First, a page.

His collections are designed to be worn in the real world, rather than preserved as museum pieces.
evening wear was also part of a show that included elaborate, sculptural gowns inspired by the 18th Century, yet transformed into less constrictive garments. “My background is that I’m a constructor – I was trained as an industrial designer, so I’m really interested in the construction of clothes. In the beginning of my career, that was maybe more of a struggle, but I’ve been working at making clothes that have an ease about them. I think it’s important that they relate to women’s lives today – jumping in the car, going to work, whatever. Marie Antoinette didn’t have to worry about those things – she had 20 people to dress her.”
His approach is suggestive, rather than dictatorial; and it’s one of the reasons that his collections for Dior have been so appealing. As such, he avoids the worst stereotypes of the fashion industry; not least in his disavowal of an autocratic line on what should, or should not, be worn in any given season. Personally I think his way is more relevant to contemporary culture than the traditional diktats or rules, especially given the fact that the customers who have the means to buy luxury-brand items are increasingly independent-minded, working women. “I like the attitude of a woman who makes her own decisions,” says Simons, “and sometimes that doesn’t relate to what we might know as high fashion. She might find herself a sublime court coat from the 18th Century, but she wears it with jeans and a T-shirt. I really like that – and if I saw a woman walking in the street, dressed like that, I think I’d be more impressed than when I see high fashion.”
Fortunately for his employers at Dior, the successful modern woman is more likely to find a sublime floor-length coat designed by Raf Simons than an original 18th-Century piece. And despite Simons’s undeniably artistic sensibility, his collections – whether couture or cruise – are designed to be worn in the real world, rather than preserved as museum pieces. “It makes no sense if nobody is going to wear them,” he says. “If you are only doing things for people to look at, I don’t think that’s a task for a designer – why not make an artwork instead?”
Indeed, this is one of the many ways in which he cleverly separates his method as a designer from those of his friends and contemporaries who are artists – while also emphasising, again, the importance of teamwork at Dior. “It’s a collaborative experience,” he shares. “If it wasn’t a collaboration, I would be a painter or a sculptor. What we do is a creative outing together. And Dior as a structure, as a family, is very communicative.”
His sense of Dior’s remarkable identity is implicit; and he clearly has the confidence as a designer to be true to the brand’s legacy, while also interpreting it in a contemporary language rather than constantly asserting his own agenda. This, after the iconoclasm and provocations of John Galliano’s last years at Dior (a time when straightforward communication was also in short supply at the company), goes some way to explain the new confidence and focus here. “I am obsessed with defining what is modern,” says Simons, “but with a historical understanding as well.” Hence his ability to find inspiration in the house archives – for example, the artistic prints from Christian Dior’s original scarves that Simons reinvented in fresh-looking pieces for this year’s Cruise collection in Brooklyn (the fresh-looking New Look remade for the New World). “Christian Dior was very bold, very daring, and yet so commercially successful,” observes Simons. “And he had a strong connection with women, while also working as the most extreme and innovative couturier. When you deconstruct the original garments, they are architectural masterpieces – and yet he also remained sensitive to the female body.”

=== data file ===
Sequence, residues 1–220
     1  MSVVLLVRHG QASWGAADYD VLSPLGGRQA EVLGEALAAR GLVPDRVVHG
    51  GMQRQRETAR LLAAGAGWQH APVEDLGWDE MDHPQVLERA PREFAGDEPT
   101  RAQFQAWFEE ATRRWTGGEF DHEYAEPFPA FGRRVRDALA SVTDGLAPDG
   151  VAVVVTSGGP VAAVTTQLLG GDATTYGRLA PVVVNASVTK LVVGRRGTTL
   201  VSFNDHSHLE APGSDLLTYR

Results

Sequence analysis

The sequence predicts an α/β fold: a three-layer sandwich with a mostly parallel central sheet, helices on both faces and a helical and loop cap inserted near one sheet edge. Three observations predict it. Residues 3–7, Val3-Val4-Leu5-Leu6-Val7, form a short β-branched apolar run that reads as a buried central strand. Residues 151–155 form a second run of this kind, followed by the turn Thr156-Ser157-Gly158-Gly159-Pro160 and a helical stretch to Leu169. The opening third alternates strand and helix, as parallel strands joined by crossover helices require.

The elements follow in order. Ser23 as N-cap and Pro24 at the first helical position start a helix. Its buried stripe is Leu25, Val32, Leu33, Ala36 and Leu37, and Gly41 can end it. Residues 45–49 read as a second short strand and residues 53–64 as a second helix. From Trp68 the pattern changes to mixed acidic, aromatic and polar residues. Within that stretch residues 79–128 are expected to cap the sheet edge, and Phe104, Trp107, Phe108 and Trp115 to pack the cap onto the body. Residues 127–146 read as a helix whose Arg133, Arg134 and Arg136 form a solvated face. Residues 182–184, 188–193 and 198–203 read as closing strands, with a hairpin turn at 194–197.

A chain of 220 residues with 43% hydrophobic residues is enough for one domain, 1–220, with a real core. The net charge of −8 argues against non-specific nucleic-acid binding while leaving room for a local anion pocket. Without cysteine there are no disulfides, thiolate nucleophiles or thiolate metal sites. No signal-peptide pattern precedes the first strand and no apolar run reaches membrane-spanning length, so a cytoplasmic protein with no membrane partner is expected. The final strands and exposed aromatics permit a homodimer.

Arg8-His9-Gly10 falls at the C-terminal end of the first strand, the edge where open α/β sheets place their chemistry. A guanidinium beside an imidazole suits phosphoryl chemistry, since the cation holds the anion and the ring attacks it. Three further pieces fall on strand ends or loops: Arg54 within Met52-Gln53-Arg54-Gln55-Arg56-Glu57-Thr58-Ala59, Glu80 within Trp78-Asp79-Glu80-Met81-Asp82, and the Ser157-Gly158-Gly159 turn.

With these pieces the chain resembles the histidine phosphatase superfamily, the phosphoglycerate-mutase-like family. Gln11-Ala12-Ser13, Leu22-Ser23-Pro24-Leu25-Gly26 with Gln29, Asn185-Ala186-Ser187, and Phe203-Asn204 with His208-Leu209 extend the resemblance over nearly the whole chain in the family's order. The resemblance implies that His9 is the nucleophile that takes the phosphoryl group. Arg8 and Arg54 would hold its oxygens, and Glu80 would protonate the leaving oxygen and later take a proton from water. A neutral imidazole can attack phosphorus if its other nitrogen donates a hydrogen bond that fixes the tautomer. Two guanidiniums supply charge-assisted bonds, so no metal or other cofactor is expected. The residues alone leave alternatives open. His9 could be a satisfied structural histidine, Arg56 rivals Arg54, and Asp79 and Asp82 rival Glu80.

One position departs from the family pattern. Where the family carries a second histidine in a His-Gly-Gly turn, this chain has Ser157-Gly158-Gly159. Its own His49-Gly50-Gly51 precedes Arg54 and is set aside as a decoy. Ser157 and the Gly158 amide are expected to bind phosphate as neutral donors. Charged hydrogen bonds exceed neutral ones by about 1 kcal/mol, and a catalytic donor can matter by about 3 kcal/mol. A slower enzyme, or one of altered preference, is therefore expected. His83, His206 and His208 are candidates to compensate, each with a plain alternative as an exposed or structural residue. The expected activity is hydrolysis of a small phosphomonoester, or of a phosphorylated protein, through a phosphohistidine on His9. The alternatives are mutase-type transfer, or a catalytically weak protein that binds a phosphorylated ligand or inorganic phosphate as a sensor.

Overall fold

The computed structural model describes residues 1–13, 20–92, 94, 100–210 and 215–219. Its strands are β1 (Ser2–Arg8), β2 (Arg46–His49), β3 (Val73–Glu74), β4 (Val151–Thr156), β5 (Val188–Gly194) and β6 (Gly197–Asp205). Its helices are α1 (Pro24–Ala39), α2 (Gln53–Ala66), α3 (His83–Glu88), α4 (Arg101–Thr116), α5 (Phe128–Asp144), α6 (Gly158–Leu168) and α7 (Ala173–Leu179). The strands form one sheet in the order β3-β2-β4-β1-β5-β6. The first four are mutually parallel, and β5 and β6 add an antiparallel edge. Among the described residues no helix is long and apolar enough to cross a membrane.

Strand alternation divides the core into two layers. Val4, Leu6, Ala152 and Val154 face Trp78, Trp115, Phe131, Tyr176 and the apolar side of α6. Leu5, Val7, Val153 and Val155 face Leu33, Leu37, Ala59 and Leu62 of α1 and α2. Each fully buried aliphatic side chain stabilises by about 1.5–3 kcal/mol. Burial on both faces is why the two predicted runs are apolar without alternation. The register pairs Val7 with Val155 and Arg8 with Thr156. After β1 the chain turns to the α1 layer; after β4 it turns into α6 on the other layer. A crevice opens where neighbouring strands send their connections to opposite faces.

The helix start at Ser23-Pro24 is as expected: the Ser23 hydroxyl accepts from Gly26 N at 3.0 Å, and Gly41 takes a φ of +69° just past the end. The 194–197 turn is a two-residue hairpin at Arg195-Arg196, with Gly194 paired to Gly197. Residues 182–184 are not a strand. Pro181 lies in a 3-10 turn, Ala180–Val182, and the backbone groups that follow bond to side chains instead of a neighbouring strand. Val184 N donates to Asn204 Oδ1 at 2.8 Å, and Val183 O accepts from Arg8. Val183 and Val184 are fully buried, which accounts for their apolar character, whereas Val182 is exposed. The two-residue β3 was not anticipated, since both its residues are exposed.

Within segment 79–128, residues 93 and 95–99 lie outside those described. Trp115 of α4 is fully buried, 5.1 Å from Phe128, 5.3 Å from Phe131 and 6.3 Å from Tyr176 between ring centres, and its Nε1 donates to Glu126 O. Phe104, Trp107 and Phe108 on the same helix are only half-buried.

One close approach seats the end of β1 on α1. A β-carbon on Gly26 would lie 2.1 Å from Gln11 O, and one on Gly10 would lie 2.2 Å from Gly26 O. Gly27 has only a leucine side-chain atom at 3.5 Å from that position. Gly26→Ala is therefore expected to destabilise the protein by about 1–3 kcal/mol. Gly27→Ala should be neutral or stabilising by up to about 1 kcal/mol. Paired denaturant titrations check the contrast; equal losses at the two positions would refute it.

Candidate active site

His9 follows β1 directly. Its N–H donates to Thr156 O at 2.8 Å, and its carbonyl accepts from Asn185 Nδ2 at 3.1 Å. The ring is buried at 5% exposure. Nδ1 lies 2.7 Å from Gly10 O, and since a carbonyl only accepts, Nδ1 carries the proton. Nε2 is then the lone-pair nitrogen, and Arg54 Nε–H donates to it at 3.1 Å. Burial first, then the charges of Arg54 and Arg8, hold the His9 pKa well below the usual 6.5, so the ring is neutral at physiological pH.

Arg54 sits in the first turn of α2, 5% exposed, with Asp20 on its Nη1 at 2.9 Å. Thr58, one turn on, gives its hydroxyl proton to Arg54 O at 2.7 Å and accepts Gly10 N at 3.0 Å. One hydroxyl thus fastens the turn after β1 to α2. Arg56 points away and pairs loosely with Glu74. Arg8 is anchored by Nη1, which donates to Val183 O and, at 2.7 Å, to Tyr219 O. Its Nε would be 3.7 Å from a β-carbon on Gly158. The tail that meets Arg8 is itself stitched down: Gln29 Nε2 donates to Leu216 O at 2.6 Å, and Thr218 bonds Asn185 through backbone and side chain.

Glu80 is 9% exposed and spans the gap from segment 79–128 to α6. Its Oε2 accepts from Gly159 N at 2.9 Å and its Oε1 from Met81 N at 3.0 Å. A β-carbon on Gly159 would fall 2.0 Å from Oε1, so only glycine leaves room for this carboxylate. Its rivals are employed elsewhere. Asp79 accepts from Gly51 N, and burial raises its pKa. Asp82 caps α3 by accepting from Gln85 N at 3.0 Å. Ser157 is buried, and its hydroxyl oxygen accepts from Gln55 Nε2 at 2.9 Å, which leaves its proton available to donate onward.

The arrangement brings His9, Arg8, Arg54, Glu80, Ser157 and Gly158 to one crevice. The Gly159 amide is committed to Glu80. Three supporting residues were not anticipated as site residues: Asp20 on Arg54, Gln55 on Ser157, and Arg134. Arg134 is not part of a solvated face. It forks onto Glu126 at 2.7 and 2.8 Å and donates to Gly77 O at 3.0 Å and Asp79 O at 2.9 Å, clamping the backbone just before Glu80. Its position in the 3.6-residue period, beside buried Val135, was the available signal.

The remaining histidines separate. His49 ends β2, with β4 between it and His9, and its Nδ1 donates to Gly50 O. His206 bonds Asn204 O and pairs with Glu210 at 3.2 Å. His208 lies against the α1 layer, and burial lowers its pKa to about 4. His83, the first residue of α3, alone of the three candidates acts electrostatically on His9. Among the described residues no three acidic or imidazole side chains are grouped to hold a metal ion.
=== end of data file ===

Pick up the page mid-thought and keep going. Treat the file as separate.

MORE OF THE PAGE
All of which reminds me of the conversation I had with Sidney Toledano, Dior’s CEO, towards the end of 2011, when he was still searching for the right person to take on the all-important role of creative director. We happened to be standing in a small yet powerfully emblematic inner sanctum at Dior’s headquarters on Avenue Montaigne: the cabine, a dressing room where models used to change for the couture shows in the grand salon across the corridor, during the decade that Monsieur Dior himself was still in charge. “I come in here sometimes by myself, and ask him, ‘Who should we choose?’” said Toledano; and in this place imbued with the spirit of Christian Dior, it was clear that his question was addressed to the founder of the house, rather than anyone else in charge today.
Three years later, the answer to Toledano’s prayers seems at home here, yet without a trace of arrogant entitlement. “Dior isn’t my brand,” says Simons, “You come and go – that’s the difference between being the founder of a brand, and a creative director. So it’s my responsibility to take the brand through this period – to keep it relevant for this moment in time. But I always try to understand the ideas of the original founder, and maybe that’s why I find it a calming situation.” He smiles; a rare smile, which makes it all the more sincere. Calm, responsible, measured; these are not the qualities most often associated with fashion, but it is a true pleasure to find them all here.
“I am obsessed with defining what is modern, but with a historical understanding as well.” – Raf Simons